HOPES for a pick-up in the UK economy were boosted after figures yesterday suggested growth in the dominant services sector strengthened for the first time in four months.
The latest Markit/Cips purchasing managers’ index (PMI) survey for the services sector – which includes areas such as leisure and hospitality, but excludes retail – showed a reading of 54.9 last month, up from a two-and-a-half-year low of 53.3 in September. A figure above 50 indicates growth.
We expect GDP growth to pick up in the fourth quarterHoward Archer
This follows robust surveys from the manufacturing and construction sectors earlier this week, with experts predicting the October performance should help revive growth in the wider economy for the final three months of the year after it eased back to 0.5 per cent in the third quarter.
Although the figures were seen as a positive surprise, analysts at Barclays cautioned that the upturn “appears to be temporary” and suggested much of the growth could be put down to increased activity around the Rugby World Cup.
But Chris Williamson, chief economist at Markit, which compiles the survey, said the overall picture for the economy was rosy: “The PMI surveys brought welcome news of faster economic growth at the start of the fourth quarter.”
He added: “The survey data point to GDP rising at a quarterly rate of 0.6 per cent at the start of the fourth quarter, up from 0.5 per cent in the third quarter.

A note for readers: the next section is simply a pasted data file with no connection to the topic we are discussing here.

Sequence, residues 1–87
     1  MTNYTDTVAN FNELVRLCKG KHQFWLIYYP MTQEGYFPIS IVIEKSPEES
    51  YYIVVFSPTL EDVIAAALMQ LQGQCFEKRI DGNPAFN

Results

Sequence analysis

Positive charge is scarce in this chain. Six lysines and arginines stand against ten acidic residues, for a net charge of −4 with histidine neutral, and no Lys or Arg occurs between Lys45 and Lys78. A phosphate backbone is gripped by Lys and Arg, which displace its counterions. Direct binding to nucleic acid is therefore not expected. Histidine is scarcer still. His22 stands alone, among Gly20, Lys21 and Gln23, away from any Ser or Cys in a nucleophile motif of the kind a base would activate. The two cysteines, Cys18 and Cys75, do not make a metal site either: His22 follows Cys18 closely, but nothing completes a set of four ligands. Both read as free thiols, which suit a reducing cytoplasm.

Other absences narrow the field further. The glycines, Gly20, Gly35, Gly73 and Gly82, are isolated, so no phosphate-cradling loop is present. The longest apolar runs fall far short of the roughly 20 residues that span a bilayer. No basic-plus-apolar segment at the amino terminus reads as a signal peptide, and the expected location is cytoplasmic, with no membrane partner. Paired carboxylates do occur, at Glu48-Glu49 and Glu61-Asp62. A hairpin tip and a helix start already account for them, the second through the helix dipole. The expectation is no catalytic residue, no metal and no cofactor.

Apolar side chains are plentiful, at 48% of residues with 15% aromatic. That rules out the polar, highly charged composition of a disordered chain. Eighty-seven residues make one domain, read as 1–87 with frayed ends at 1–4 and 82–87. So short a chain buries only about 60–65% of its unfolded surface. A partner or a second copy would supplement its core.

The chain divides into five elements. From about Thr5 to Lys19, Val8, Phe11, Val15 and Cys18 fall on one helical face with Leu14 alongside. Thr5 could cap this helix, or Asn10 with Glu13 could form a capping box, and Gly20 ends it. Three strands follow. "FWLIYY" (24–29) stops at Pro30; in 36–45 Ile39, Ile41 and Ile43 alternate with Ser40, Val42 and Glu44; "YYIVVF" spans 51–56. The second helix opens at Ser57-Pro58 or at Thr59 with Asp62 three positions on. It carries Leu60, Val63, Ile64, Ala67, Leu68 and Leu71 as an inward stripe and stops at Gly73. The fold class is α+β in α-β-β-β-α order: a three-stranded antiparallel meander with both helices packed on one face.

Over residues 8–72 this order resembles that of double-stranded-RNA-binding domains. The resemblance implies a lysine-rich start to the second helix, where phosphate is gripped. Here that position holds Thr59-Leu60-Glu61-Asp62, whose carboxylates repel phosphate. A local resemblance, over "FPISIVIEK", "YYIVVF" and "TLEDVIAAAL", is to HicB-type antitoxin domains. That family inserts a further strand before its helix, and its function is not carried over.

“Such an improvement, together with the revival in hiring signalled by the three surveys, with job creation hitting an eight-month high in October, may coax more policymakers into raising interest rates before the end of the year.”
Howard Archer, chief UK and European economist at IHS Global Insight, said he believed GDP stood a good chance of rising as high as 0.7 per cent at the end of 2015, thanks to rising consumer spending power.
The PMI surveys showed rising employment across the economy, with new jobs in the services sector being created at the fastest rate for five months.
Archer said: “We expect GDP growth to pick up to at least 0.6 per cent quarter-on-quarter in the fourth quarter and it could very well get back up to 0.7 per cent quarter-on-quarter if consumers splash out this Christmas.” He is pencilling in a rate rise in the first half of 2016.